“About 20 per cent of the pediatric population generates about 80 per cent of our health-care bill,” said Dr. Feudtner at a Grand Rounds on ethics in the care of children with disabilities at Montreal Children’s Hospital last week.
“The rallying cry is that we need to cut down on the use of what are called marginal therapies – on drugs, therapies and procedures that cost a tremendous amount of money but offer little benefit. It’s a short manoeuvre from that mindset to take certain people with certain conditions and marginalize them.”
Dr. Feudtner showed a photo of one of his patients – a baby who uses a ventilator – and said: “We don’t want to end up having a bureaucrat 1,000 miles away saying ‘this is marginal medicine and we need to cut it out.’”
In analyzing the costs and benefits of treatments, economists measure quality-of-life years gained or lost as a result, he said. These analyses are typically based on models that assume low quality of life for people with chronic illness and disability.
Studies of self-reported satisfaction with life in people with disabilities, however, show a different picture.
A large European study of children with cerebral palsy found they rated their quality of life on par with their peers.
Research shows that patients rate their happiness and satisfaction higher than their families do, while their families rate it higher than doctors and nurses do. And the longer a person has a disability, the happier they are with their life. One to two years after a spinal-cord injury, people tend to rate their life as good as, or better, than before.
“Who judges quality of life in people with disabilities?” Dr. Feudtner asked. Should it be a panel of doctors, a random sample of the population who haven’t experienced disability or a group of patients or parents who understand firsthand what it means to live with the condition?
“Our current analyses of quality of life don’t account for the amazing capacity of people to adapt and grow, to handle difficulty, and to say ‘my life is good,’ without changing the difficulty.”
That’s because ratings are determined by able-bodied people who try to predict the impact of disability on everyday life.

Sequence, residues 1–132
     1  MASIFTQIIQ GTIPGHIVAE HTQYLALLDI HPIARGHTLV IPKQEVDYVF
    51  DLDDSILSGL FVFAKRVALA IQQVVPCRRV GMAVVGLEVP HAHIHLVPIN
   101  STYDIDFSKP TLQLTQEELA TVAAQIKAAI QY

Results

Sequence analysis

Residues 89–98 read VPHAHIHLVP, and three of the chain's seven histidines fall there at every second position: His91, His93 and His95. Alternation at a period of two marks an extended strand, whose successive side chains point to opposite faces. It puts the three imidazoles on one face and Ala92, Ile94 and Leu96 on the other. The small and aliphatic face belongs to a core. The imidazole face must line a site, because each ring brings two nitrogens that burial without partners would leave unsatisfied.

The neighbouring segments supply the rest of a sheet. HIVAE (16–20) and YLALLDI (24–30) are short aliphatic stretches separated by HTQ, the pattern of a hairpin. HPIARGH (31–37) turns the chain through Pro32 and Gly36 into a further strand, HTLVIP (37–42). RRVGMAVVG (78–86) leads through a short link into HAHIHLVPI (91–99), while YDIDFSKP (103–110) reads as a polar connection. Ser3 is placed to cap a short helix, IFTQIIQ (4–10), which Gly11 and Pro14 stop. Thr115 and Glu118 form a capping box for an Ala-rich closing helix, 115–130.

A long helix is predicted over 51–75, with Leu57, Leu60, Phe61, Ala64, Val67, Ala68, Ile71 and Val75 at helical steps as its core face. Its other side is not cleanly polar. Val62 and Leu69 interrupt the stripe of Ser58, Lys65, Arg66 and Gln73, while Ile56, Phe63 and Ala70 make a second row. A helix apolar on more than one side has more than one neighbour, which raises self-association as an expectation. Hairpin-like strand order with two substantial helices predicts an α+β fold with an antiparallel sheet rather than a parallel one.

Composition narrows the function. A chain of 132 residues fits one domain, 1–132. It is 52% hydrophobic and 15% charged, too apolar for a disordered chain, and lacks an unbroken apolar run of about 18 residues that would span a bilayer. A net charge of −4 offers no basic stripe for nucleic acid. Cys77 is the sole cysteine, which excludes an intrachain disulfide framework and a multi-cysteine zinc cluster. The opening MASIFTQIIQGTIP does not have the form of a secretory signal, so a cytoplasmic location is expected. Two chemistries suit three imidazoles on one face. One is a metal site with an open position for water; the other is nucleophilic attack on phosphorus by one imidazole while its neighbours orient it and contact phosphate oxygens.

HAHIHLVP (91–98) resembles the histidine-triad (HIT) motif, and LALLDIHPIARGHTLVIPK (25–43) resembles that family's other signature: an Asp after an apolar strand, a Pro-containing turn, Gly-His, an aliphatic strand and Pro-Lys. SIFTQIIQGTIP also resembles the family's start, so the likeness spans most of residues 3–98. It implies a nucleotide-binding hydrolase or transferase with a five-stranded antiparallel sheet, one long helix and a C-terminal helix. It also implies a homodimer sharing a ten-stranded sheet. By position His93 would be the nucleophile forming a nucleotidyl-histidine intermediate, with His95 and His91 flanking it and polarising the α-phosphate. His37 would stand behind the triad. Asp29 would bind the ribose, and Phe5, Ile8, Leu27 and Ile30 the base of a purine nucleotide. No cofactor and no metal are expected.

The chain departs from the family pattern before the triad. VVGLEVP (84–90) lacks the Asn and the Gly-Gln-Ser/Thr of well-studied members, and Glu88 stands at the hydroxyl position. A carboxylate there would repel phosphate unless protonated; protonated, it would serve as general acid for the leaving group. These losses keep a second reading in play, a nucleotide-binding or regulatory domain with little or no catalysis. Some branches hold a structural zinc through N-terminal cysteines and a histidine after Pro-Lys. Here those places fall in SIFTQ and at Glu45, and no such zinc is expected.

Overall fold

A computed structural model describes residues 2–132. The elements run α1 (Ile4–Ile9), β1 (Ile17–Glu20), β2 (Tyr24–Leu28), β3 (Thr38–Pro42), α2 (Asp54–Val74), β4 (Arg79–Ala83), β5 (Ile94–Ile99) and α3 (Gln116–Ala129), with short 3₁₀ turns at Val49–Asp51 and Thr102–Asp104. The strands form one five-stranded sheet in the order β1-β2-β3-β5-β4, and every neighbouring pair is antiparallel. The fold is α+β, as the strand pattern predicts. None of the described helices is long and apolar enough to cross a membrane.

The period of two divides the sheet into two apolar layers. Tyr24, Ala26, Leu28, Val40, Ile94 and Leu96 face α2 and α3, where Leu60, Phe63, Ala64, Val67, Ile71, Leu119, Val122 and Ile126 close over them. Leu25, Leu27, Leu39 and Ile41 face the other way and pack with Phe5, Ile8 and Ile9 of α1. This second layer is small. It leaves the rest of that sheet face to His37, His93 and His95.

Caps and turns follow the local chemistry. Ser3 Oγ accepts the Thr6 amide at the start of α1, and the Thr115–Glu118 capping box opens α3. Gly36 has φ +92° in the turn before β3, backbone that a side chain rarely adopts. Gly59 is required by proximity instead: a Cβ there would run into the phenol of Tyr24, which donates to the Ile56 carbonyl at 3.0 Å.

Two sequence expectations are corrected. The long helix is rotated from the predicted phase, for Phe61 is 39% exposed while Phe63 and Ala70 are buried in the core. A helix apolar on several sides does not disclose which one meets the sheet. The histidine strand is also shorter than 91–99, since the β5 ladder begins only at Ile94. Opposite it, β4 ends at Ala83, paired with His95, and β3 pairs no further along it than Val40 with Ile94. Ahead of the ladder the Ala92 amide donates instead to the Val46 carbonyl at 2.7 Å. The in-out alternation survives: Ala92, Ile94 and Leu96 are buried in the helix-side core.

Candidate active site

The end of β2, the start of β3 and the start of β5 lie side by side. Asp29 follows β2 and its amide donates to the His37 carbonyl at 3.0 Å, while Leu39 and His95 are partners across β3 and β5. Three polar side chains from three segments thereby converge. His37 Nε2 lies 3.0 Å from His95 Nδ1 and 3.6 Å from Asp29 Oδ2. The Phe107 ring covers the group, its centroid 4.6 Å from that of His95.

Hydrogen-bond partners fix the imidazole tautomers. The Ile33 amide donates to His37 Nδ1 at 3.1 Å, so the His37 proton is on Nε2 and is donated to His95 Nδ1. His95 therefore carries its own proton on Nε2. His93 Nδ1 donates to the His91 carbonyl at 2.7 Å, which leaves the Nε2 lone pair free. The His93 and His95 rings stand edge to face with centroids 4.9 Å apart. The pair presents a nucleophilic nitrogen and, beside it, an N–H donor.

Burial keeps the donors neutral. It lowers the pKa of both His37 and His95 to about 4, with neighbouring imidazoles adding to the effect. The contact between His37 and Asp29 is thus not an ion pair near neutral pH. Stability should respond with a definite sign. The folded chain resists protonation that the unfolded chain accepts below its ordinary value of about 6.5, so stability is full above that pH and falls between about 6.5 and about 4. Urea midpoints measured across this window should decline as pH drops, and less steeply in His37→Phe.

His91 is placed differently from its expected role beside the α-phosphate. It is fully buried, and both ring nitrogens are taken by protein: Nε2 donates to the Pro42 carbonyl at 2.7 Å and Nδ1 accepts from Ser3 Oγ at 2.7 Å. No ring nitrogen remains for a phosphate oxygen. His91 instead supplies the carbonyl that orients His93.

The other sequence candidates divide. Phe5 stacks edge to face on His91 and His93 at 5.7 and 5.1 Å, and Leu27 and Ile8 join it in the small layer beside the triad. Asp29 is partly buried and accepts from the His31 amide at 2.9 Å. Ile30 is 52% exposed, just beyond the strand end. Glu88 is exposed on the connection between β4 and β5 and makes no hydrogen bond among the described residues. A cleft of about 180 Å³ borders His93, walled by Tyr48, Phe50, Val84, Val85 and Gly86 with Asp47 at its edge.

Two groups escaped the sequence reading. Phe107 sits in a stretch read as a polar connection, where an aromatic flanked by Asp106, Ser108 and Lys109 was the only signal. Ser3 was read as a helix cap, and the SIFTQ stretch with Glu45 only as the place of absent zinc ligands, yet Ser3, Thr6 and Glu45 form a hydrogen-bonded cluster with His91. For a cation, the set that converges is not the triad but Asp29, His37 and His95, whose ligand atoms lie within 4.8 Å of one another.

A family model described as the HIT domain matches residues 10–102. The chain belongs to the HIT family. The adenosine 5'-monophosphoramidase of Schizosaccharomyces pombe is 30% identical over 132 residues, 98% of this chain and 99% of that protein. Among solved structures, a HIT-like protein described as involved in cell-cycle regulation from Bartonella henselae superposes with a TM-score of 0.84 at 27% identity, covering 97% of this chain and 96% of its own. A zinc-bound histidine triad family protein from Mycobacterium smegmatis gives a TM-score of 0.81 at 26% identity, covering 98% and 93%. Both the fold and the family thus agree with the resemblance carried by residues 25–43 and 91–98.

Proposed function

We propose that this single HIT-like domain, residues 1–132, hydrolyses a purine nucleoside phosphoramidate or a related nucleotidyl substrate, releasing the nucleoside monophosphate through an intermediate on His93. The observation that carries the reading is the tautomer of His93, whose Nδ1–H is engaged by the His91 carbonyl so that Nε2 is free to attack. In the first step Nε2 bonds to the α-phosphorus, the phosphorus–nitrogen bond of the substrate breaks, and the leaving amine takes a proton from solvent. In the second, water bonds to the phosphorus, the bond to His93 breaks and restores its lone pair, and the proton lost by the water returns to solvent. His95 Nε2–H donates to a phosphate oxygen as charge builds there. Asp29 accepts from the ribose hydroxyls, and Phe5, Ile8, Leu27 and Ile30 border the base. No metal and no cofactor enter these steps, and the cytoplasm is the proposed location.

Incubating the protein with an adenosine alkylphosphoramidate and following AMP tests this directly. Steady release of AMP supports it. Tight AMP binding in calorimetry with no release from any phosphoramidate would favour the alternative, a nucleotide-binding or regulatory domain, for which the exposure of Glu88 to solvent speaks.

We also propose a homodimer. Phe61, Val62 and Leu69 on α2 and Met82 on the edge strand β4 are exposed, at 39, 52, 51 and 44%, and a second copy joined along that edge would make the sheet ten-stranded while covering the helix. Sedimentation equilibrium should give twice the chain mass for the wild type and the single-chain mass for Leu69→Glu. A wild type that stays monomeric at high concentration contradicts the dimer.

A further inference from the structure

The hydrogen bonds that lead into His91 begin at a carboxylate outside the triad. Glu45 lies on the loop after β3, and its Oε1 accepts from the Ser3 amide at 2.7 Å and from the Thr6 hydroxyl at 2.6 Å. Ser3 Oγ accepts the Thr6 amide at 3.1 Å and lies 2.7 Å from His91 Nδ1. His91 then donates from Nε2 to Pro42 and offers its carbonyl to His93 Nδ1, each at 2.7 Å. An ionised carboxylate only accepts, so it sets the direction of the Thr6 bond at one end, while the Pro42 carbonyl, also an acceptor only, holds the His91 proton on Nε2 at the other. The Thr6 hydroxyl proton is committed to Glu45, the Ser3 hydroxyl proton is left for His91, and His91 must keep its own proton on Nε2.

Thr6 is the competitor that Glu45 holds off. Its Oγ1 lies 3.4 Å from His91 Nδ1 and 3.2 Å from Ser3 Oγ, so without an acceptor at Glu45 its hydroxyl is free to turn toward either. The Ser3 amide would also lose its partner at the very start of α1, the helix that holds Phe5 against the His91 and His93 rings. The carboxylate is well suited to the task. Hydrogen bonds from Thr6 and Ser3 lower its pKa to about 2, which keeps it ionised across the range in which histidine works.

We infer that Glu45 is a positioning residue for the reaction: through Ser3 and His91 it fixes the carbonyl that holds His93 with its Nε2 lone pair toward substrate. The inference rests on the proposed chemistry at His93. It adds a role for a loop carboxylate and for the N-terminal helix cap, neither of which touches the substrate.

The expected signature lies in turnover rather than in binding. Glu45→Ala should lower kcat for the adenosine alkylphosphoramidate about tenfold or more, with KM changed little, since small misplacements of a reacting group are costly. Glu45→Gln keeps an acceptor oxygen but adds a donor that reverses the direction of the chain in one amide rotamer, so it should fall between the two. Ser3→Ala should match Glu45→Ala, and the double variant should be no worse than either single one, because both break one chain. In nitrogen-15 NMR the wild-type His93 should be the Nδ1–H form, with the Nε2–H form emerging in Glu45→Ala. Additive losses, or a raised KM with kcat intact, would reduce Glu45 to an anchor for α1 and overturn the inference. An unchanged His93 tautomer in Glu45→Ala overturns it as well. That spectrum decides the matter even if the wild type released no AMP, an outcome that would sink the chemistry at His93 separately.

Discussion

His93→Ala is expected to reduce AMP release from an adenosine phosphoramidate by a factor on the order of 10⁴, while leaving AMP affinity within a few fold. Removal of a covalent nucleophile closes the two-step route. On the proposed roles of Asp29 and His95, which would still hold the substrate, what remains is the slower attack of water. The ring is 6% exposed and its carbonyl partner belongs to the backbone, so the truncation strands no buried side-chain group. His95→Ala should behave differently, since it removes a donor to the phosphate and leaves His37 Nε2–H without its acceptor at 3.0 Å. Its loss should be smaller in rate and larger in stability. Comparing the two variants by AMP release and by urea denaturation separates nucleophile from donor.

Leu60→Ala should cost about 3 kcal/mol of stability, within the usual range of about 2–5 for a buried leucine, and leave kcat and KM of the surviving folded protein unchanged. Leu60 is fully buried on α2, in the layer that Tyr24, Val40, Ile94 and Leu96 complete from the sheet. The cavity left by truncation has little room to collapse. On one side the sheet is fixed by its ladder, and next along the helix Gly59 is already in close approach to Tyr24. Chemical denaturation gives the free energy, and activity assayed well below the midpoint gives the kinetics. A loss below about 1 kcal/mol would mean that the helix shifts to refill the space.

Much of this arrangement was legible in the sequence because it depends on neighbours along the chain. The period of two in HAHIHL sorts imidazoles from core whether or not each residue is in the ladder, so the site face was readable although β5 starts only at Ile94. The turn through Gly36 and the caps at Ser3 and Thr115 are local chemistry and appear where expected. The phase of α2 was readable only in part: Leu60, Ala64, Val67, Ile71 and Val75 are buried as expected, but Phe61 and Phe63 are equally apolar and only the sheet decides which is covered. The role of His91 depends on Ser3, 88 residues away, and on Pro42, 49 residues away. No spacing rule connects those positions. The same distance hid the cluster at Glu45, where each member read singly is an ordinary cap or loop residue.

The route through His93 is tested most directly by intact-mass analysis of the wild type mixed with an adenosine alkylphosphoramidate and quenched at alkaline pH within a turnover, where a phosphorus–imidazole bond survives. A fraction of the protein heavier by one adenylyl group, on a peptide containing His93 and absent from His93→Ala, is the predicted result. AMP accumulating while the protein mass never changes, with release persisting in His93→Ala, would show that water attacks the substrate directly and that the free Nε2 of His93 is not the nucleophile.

Current analyses of quality of life don’t factor in the cost or benefit of a drug or treatment on people connected to the patient, such as parents, siblings and grandparents.
“Is medicine a one-on-one proposition or do we look at it from a societal perspective that includes people connected to the patient?” Dr. Feudtner asked. “If we cut respite care and a parent has to stay at home, do we count their lost wages as costs? If my child’s quality of life growing up makes me happier, do we count that? What are the ancillary benefits of having a child do better? There are instruments to measure family stress and depression. If a family receives social services, does their level of anxiety and depression drop?
“Right now a huge amount of the costs of raising children with severe disabilities is being born by the families.”
In a study of children receiving palliative care, Dr. Feudtner found nearly half were facing substantial financial strain. Those who reported the direst finances had children whose health had declined most steeply.
“It’s hard to figure out how to capture these costs,” he said. “But to disregard them means that you really aren’t operating from a societal perspective.”
With unsustainable health-care costs projected over the next decade, “ethical pronouncements about ‘it’s the right thing to do for children’ will not have the same sway they had in the past,” Dr. Feudtner said. “We have to marry the ability to speak to deep ethical values and go head to head with accountants.”
Joey, above, is a child with complex medical needs.